November 26, 2012
By: Siiri Bigalke

Day Two - COP18

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Siiri with youth participants from the United Kingdom Youth Climate Coalition as well as two members of the Arab Youth Climate Coalition from Algeria

Saturday was the second day of the Conference of Youth at Education City. Although I attended a regional breakout session in which youth from North America met to strategize around lobbying issues and action ideas at COP, the majority of the agenda was dedicated to workshop time. These workshops were conducted by youth from around the world who presented on various topics regarding climate change advocacy and organizing in the context of the UNFCCC. The first workshop I attended, “Contaminated COP”, addressed the intimate relationship that the fossil fuel industry has at COP and how they consequently undermine the progress of the negotiations. Led by a member of the Canadian Youth Climate Coalition, the workshop stressed the importance of mobilizing in numbers against the incredibly influential power of the fossil fuel companies – an industry that is funded by the most profitable businesses in the history of the world.

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A presenter at COY who is organizing a climate march here in Doha

The second workshop I attended, a “Crash Course on the United Nations Framework Convention on Climate Change” outlined the organization and institutions at COP and which issues these groups deal with. The UNFCCC is a very complex network of different negotiating bodies, thus I will not even attempt to summarize the complete organization of this UN entity. However, check out this interactive guide to the UN created by the United Kingdom Youth Climate Coalition if interested in learning more: ! Although I was familiar with the UNFCCC set-up prior to the workshop, I learned a great deal of additional information about what will be negotiated at this COP. In particular the workshop focused on the 2020 Global Treaty, a negotiating document that will be implemented after the Kyoto Protocol expires. I will be following up on the status of this treaty in the negotiations for the next week.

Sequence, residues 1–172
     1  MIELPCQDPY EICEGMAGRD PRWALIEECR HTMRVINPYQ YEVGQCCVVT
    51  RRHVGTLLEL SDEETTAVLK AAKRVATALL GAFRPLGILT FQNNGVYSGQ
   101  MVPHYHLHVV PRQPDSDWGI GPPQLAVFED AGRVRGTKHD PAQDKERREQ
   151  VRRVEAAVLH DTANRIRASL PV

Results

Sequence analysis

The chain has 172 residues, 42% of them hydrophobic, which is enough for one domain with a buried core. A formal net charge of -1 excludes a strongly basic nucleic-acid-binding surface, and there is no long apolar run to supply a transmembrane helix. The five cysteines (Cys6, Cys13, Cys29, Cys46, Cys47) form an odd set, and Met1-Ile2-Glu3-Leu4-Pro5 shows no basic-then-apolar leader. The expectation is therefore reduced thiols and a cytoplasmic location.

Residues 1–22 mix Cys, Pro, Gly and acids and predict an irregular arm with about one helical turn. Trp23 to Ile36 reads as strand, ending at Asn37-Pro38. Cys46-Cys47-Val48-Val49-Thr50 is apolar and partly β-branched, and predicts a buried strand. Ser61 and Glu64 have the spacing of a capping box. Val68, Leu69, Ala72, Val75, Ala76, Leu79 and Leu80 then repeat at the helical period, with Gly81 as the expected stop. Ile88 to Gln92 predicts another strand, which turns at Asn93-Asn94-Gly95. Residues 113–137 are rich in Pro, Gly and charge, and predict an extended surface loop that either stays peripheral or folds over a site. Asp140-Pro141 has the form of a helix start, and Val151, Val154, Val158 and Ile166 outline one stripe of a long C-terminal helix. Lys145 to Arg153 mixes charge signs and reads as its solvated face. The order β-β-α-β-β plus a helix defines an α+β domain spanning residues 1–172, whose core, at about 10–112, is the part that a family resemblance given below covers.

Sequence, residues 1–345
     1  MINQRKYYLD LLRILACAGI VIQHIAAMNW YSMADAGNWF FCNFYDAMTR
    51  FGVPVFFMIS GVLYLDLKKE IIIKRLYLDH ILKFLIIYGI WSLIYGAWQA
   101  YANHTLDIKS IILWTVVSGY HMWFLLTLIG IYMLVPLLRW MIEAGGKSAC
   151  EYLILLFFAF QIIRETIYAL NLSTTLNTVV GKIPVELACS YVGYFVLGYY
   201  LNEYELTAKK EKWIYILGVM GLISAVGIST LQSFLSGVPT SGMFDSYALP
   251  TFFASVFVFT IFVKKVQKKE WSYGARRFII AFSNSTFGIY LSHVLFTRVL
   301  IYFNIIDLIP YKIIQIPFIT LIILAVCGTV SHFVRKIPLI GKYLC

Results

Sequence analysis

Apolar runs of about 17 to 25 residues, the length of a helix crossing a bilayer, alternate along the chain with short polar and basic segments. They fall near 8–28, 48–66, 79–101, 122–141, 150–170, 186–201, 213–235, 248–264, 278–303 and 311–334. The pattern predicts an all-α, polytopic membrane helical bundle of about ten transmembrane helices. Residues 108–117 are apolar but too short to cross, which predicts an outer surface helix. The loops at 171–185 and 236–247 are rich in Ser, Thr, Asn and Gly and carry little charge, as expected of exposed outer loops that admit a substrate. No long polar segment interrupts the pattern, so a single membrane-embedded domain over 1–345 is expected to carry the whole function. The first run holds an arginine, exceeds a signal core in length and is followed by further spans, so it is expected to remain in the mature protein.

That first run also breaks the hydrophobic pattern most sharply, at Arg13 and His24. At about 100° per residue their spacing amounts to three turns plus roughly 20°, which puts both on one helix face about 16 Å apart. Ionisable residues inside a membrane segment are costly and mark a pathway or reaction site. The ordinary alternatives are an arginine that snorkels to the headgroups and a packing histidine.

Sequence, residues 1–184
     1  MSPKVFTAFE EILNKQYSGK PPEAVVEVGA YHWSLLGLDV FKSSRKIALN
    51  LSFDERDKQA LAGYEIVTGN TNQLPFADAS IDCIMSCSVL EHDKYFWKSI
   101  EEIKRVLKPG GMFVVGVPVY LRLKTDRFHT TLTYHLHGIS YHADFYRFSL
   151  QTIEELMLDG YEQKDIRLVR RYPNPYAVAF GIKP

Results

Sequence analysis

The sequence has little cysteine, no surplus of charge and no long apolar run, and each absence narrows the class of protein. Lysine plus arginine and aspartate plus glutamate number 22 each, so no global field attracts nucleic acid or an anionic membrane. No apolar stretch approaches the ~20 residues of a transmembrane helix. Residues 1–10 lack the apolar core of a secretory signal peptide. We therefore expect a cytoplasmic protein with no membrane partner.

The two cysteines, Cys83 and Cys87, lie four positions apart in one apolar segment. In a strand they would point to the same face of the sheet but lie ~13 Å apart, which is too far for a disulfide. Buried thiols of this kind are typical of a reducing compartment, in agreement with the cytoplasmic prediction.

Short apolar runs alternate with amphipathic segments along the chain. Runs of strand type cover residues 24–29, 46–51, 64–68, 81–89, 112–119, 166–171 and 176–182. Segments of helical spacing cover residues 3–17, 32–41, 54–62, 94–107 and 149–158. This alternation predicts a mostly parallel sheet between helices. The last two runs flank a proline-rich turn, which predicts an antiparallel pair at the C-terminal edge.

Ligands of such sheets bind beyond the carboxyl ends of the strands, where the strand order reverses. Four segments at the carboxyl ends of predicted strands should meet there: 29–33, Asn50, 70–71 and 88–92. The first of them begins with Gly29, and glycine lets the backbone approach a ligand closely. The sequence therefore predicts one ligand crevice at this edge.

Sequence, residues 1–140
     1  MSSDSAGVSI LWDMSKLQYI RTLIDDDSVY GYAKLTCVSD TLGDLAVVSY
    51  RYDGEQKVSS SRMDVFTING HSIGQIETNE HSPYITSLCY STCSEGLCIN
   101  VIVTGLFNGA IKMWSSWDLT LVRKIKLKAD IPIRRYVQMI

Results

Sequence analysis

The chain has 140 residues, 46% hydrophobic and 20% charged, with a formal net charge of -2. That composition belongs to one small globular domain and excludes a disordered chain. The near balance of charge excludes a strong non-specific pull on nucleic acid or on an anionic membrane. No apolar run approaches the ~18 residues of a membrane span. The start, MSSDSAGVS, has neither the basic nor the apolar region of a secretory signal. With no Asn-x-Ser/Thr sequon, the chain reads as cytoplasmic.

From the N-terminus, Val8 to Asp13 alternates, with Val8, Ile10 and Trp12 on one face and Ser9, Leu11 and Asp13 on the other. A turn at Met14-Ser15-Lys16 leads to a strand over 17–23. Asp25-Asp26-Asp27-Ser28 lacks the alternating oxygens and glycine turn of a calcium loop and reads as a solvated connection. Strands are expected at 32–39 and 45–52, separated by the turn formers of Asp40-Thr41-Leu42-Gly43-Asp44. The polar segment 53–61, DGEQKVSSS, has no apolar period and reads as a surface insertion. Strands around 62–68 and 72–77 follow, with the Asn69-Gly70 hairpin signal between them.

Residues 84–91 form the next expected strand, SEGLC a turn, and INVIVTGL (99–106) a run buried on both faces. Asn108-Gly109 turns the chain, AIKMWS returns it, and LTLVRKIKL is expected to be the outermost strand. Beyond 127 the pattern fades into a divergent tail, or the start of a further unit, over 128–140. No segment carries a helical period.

After the second day of the Conference of Youth concluded, I headed to the American School of Doha to meet up with the four students and their fearless teacher/leader from the School of Environmental Studies (SES). So from now on, the students of SES and their teacher Craig Johnson, the students from the American School of Doha and their teacher Julie Puckett, and myself (acting as a representative of the Will Steger Foundation/student of Smith College) will be attending COP as a multi-faceted delegation of High School and University students! Collectively we will be working to: 1) follow the negotiations, 2) relay the events at COP to our respective home communities, 3) and lobby delegates on youth issues. It’s sure to be an exciting week at COP18!

The two images below are of a map and cardboard sign explanation from an initiative entitled #climatelegacy. This is a project which is trying to locate and identify geographical places that youth have witnessed and been affected by climate change.

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